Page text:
(Bulldoze Their Homes) Halakhic Red Lines (Anti-Racism) (Israel)

price tag

I’ve seen people online ask with lots of snark if the government of Israel or Israeli-Jewish public figures will react to the wave of anti-Arab hatred and incitement, the budding Jewish terrorism, with the same severity as the government reacts to the threat of Palestinian terrorism.  Rabbi Daniel Landes has recently called for just that, including the bulldozing of parents’ homes, on principles that fuse democratic and halakhic principles. You can read the whole thing here, but here are what I think are the highlights:

“There is only one sane and truly halakhic way to tackle our current situation: Take the well-known members of the Orthodox Price Tag gang and lock ‘em up, for a long time and in an inaccessible prison. Don’t let them go home for chagim and deny them visitors. Do the best to break and separate them. Freeze monies that go to their families. And when and if we have proven guilty perpetrators, bulldoze their parents’ homes. The last will stop them.

 […]

The PTG [Price Tag Gang] is an imminent sakanat nefashot, a danger to life. They are a fire burning on the Sabbath that will destroy not only property, but the lives of soldiers, police and civilians. Indeed, the PTG seemingly wants to cause tension and havoc, leading possibly to war. In their apocalyptic vision, they are confident that Israel will finally “do what it has always needed to do” and act with outstanding force to destroy not only Hamas but the PA and probably all other Muslims.

This is a fiery threat that needs a cold water cannon to extinguish it. When we don’t counter the PTG we destroy a fundamental principle of Torah equality – “One Torah and one Justice should be for you and for the stranger that resides in your midst,” (Numbers 15:16.)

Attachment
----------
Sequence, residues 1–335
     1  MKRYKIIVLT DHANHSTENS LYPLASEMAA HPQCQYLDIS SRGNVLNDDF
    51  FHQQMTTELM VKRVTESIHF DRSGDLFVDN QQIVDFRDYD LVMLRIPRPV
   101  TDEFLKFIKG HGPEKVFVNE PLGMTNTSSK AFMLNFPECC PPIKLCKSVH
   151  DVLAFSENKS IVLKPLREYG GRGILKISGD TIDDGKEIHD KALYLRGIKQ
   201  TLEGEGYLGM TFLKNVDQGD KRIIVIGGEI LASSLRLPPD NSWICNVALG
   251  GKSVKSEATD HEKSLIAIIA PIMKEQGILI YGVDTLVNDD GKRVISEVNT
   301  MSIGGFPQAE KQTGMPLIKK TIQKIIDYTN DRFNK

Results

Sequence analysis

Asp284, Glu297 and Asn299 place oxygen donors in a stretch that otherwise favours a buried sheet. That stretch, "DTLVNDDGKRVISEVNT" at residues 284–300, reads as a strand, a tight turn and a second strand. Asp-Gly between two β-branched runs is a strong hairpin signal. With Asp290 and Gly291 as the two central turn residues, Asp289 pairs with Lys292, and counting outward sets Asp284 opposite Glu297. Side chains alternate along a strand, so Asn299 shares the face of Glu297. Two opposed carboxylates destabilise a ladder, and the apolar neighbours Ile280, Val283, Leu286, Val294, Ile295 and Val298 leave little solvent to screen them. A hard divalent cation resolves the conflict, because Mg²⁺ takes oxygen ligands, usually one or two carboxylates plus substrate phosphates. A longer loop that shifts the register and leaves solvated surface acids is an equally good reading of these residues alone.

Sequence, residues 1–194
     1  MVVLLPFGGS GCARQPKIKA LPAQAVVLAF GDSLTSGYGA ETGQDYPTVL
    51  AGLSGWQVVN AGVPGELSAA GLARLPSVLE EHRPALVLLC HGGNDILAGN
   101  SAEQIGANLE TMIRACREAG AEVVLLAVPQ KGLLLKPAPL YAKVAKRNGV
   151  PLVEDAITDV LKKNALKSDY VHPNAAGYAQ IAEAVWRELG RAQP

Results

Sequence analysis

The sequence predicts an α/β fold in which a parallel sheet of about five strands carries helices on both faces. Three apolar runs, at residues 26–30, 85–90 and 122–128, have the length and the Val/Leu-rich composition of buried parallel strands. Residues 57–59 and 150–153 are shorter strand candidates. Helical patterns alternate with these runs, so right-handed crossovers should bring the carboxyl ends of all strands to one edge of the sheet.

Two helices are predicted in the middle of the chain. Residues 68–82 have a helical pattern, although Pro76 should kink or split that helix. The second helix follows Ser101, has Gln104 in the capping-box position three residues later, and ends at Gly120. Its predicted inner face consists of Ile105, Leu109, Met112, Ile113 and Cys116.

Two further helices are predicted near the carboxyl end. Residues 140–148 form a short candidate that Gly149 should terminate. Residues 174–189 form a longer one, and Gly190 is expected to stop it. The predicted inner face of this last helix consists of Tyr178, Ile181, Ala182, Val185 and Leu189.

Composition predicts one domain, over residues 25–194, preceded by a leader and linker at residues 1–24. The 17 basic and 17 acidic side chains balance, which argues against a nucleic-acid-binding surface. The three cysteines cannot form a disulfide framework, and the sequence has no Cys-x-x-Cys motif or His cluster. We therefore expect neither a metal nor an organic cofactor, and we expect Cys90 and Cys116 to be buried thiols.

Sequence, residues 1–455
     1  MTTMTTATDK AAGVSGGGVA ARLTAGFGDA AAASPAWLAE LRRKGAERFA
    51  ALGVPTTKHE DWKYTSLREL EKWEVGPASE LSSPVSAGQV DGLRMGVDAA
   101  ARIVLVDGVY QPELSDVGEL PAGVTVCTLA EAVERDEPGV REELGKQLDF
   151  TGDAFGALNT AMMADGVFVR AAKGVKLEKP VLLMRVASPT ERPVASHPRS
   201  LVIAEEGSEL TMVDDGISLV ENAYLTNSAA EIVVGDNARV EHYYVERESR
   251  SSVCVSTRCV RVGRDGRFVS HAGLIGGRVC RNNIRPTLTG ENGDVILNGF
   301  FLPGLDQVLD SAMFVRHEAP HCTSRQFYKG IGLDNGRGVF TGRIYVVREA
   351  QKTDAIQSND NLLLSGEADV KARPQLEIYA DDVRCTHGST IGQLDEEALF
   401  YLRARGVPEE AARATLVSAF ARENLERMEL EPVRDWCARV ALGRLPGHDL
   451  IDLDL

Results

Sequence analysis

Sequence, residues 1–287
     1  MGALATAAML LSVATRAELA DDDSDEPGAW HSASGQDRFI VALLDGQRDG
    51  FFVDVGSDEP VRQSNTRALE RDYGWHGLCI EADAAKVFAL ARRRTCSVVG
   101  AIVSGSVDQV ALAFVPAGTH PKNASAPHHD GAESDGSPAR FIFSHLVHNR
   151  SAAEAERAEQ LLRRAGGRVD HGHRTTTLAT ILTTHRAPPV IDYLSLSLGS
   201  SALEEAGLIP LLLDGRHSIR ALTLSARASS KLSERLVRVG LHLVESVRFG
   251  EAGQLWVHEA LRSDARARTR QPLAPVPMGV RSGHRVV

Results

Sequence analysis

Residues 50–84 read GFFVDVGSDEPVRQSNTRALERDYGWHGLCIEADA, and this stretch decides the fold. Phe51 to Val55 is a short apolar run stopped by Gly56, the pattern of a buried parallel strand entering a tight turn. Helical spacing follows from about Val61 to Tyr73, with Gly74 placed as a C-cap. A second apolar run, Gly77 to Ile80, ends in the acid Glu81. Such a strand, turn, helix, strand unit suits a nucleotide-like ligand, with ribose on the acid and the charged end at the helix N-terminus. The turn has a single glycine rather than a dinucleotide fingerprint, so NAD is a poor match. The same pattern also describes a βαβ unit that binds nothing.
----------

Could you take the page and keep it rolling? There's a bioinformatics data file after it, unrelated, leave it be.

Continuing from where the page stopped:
[…]

Harsh prison time, punishment to parents who have not exerted responsibility in reigning in their children and isolation from their peers should convince Jewish terrorists and wannabes from their disastrous road.

Finally, rabbis who have been inculcating and preaching the virus of racist revenge need to spend their Daf Yomi [daily Talmud study] time in jail. Ah, but do we not actually owe them our cherished respect? My teacher, the great moral leader Rabbi Joseph Soloveitchik, often quoted the Talmudic phrase, bimkom hillul HaShem ein mechalkin kavod lerav, “in the place of profanation of God’s name, we do not give honor to a Rav.”

There is no greater Hillul HaShem than a charred corpse of an innocent, murdered by Torah inspiration.”

On a personal note: I’ve been going to Israel, watching Israel, thinking about Israel and Israel and Palestine since the early 1980s. I’ve never seen this kind of clarion call.